Having waited for several months, I received my first dose of AstraZeneca vaccine on May 31. Several months ago, the Malaysian government opened up AstraZeneca for voluntary take-up due to the public’s health concerns. I registered immediately as I knew the chance of developing blood clot is four in one million and I saw the situation in UK started to see a recovery. And I received one of the 260,000 doses of AstraZeneca vaccine made available for Malaysian citizens, who took up all doses within several hours.
Perhaps I made it a habit since university days to always look at what is going on in overseas, I have always been very confident in English countries such as UK and US. I did not hesitate at all when I was registering for first round of AstraZeneca rollout, because I think that we have nothing to trust, if we don’t even trust UK vaccine. To put it simply, UK and Australia administer AstraZeneca and Pfizer vaccines for their citizens and both countries have opened matches for on-site viewers. In view of such progress, other countries need not wait anymore.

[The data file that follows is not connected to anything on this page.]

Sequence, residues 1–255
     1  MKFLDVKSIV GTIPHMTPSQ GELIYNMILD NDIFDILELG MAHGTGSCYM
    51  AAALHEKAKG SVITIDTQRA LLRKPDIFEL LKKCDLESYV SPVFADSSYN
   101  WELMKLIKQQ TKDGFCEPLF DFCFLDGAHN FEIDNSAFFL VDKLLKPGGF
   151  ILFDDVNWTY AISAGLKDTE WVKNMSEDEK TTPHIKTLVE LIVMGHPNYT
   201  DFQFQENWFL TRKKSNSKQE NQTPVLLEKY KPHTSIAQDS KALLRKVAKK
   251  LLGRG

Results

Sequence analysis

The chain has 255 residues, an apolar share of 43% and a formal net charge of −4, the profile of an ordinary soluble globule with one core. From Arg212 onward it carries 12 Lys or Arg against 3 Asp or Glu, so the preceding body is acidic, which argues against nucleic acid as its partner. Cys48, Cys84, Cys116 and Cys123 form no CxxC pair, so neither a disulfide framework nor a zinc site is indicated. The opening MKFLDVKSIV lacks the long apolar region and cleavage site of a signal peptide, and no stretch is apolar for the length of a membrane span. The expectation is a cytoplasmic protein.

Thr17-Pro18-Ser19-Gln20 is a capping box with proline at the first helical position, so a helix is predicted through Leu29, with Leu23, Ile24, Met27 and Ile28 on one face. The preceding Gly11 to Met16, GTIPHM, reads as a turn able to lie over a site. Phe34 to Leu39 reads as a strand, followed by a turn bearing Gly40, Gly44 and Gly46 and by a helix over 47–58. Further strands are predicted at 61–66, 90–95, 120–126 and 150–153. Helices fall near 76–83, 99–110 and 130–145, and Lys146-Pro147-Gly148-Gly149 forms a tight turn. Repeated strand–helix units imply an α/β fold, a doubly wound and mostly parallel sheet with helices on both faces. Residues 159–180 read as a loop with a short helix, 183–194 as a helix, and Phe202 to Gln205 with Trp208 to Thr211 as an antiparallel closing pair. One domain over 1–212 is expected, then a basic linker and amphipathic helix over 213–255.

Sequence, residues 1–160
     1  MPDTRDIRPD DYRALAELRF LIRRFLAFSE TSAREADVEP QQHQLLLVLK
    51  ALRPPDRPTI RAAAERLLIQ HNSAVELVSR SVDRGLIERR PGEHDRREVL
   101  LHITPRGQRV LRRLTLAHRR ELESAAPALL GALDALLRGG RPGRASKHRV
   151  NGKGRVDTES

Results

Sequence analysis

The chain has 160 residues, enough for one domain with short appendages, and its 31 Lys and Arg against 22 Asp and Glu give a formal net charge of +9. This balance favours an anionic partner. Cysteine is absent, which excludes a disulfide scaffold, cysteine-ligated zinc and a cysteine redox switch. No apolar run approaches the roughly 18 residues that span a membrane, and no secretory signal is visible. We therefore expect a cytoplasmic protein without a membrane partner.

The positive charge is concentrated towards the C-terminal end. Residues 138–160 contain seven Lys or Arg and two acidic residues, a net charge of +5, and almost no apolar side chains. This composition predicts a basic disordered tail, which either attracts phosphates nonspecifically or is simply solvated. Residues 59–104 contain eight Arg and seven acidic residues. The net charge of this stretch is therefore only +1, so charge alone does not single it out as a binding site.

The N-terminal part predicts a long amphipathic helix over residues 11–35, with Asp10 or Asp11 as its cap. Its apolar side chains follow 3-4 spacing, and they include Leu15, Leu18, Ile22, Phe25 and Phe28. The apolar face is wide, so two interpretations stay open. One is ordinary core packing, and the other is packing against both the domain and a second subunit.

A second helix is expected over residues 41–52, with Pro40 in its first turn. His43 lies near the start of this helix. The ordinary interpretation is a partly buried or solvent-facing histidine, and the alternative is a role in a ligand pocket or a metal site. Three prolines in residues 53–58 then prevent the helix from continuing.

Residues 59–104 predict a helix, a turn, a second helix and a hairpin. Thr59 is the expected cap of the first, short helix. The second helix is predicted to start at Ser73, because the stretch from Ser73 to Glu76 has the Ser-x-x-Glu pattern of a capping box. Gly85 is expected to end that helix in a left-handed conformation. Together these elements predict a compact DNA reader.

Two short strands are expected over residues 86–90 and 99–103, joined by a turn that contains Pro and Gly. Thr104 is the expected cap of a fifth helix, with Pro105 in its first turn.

The Covid pandemic seems to rage fiercely in recent two weeks. Territories in Asia saw a spike in new Covid cases, and many of the patients are asymptomatic. Even patients who had been inoculated also fell ill.
Many are asking whether there still is a need to get ourselves inoculated, since one will still be infected. And the answer is yes. Why? Simply because vaccination helps us avoid falling seriously ill, and one’s infectivity can be reduced significantly when infected.
Put it this way. Even after inoculation we still wear a mask, we still practice personal hygiene by washing hands with soap and water. When there are big events such as concert and football match, the health authorities check audiences’ vaccination record and rapid test result at the entrance. Continue reading “目標大概是感冒化 A normal cold is probably the target”